Detective Comics #518

"The Millionaire Contract"
Story by Gerry Conway & Paul Levitz
Art by Don Newton & Bruce Patterson

Batman is resting up after being transformed back into human form following last issue's embarrassing exploits as a vampire. Meanwhile, upstairs in Wayne Manor, the Human Target is disguised as Bruce Wayne (compliments of Alfred) in order to fool Vicki Vale. As chronicled in the last 75 issues, Vicki is convinced that Bruce and the Dark Knight are one and the same. Alfred is determined to put the girl on the wrong track.

Batman's sleep is disturbed by a call from the Gotham prison warden, explaining that Deadshot has escaped from stir and may be out looking for the Caped Crusader. Bats hits the road in search of clues. At that moment, Human Target/Bruce Wayne and Vicki Vale head out for a dinner date at the Crystal Ballroom, unaware that Deadshot has been hired by Gotham City's brand-new crooked mayor, Hamilton Hill, to kill Bruce Wayne. Hamilton has gotten hold of the Vicki shots and is also convinced that Wayne and Batman are the same dude. Deadshot heads for the Crystal Ballroom.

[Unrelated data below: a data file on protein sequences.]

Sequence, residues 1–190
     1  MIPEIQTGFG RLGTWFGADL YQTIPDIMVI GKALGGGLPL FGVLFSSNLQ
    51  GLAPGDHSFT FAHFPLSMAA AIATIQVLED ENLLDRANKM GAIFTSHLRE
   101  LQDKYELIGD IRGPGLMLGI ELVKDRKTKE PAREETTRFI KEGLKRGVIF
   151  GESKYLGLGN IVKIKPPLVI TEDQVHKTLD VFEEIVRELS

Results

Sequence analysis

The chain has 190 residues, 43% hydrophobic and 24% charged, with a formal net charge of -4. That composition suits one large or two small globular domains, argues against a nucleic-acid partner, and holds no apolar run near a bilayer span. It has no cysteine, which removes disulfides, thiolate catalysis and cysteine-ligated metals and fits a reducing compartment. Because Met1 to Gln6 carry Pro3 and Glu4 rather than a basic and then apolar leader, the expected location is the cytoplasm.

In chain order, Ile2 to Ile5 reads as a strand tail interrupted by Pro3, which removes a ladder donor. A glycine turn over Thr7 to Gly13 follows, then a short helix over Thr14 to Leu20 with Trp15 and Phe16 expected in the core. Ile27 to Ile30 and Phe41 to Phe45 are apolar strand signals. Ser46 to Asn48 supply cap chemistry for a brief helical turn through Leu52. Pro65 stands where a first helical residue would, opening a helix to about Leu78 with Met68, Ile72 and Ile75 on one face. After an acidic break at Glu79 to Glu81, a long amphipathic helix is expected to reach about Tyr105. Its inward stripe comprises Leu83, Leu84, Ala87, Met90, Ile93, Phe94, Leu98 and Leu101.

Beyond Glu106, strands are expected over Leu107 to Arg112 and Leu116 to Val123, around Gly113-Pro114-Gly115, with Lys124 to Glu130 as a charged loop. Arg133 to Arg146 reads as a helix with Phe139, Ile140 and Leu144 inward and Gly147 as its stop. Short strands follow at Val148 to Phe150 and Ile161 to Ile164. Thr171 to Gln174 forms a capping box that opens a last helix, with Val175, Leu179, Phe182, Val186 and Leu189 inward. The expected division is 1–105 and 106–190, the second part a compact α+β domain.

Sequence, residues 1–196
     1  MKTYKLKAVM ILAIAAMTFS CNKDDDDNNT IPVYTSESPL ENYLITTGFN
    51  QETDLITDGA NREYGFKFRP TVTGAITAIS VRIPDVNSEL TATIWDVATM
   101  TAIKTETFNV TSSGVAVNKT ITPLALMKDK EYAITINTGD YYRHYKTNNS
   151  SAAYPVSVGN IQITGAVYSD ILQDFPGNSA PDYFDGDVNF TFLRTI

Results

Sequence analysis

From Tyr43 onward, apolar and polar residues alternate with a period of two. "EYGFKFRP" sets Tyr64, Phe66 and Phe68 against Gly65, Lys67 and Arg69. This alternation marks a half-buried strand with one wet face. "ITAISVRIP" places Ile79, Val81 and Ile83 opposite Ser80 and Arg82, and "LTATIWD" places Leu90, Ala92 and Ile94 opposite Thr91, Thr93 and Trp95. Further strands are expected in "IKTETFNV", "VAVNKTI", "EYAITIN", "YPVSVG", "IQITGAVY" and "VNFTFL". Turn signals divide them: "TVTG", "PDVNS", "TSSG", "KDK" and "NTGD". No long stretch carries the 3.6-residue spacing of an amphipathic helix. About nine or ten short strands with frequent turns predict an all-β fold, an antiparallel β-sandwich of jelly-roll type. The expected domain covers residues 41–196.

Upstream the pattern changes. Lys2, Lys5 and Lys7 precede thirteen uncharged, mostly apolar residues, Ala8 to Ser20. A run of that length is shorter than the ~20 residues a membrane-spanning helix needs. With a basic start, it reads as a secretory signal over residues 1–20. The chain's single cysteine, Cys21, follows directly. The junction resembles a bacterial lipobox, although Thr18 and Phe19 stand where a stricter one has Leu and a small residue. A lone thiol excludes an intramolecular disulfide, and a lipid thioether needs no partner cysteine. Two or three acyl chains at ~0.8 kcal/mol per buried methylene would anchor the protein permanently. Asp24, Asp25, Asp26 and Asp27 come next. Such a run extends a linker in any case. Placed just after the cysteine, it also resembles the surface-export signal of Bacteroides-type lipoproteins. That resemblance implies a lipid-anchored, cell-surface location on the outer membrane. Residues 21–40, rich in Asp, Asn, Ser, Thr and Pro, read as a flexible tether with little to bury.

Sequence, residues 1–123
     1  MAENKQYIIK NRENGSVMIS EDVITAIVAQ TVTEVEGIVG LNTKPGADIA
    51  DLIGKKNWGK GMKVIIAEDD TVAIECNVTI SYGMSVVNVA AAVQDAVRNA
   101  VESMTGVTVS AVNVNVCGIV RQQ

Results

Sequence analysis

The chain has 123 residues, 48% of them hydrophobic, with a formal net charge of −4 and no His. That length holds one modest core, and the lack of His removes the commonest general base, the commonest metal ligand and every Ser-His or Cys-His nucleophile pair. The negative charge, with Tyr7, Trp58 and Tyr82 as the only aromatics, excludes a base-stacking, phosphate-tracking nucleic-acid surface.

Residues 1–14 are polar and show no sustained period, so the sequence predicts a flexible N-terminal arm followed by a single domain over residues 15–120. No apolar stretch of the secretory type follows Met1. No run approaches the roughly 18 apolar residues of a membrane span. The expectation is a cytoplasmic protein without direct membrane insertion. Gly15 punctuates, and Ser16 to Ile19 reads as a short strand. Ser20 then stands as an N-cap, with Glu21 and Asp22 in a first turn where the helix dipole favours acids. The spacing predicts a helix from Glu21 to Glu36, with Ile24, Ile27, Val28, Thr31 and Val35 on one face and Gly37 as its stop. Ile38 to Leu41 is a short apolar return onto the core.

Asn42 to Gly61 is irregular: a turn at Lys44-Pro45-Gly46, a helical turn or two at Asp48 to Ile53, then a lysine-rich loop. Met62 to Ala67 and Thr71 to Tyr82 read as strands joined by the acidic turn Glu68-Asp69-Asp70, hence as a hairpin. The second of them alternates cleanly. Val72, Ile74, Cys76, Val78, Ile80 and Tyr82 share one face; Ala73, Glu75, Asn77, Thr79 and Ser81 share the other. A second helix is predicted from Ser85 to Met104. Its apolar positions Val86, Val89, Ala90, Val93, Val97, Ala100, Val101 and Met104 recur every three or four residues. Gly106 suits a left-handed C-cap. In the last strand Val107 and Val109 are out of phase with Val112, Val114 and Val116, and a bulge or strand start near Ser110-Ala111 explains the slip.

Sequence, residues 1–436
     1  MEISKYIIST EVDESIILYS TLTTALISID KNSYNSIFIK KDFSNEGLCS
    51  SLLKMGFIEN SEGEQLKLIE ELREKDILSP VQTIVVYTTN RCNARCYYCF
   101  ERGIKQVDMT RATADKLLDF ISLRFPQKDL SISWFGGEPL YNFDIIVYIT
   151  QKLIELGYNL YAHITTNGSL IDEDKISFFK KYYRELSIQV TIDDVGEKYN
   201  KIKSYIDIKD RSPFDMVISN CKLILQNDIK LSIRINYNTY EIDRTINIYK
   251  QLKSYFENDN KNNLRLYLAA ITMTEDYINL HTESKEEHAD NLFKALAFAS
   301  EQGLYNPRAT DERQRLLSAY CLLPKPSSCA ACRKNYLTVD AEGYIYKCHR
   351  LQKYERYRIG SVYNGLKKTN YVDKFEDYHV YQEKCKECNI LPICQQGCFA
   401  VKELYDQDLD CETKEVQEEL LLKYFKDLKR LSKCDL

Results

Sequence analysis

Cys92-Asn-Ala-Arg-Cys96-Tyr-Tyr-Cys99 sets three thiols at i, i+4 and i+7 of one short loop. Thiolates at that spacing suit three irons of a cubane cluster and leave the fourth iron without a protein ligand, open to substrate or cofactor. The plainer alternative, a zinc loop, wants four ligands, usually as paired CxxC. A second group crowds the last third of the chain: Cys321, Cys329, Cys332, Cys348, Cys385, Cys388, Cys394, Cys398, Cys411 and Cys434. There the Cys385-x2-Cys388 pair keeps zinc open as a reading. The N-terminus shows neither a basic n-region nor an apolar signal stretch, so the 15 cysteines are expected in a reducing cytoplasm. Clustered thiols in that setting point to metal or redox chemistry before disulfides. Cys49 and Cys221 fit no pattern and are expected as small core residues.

He and the real Batman arrive at the same moment and engage in fisticuffs while Christopher Chance (Human Target) gets Vicki Vale to safety. With the help of Chance, Batman puts an end to Deadshot's brief reign of terror and leaves Vicki wondering if she's made a damn fool mistake. Batman thanks "Bruce" and assures him they'll see each other soon.

Peter: Weak, weak, weak. There is way too much going on here for my tastes and so much of it is inconsequential. It's as if Gerry reached the same conclusion I had (albeit five or six issues later than I did) that this whole "Is Batman really Bruce Wayne?" subplot was going nowhere slowly. The action is mediocre. The only high points were the casting of shade on the priest who saved the dynamic duo (what's he up to? and does he now know who Batman really is as well?) from vampirism and Gordon's beating by bad beat cops. These new subplots are vastly more interesting than the Vicki Vale nonsense. But that may change down the road.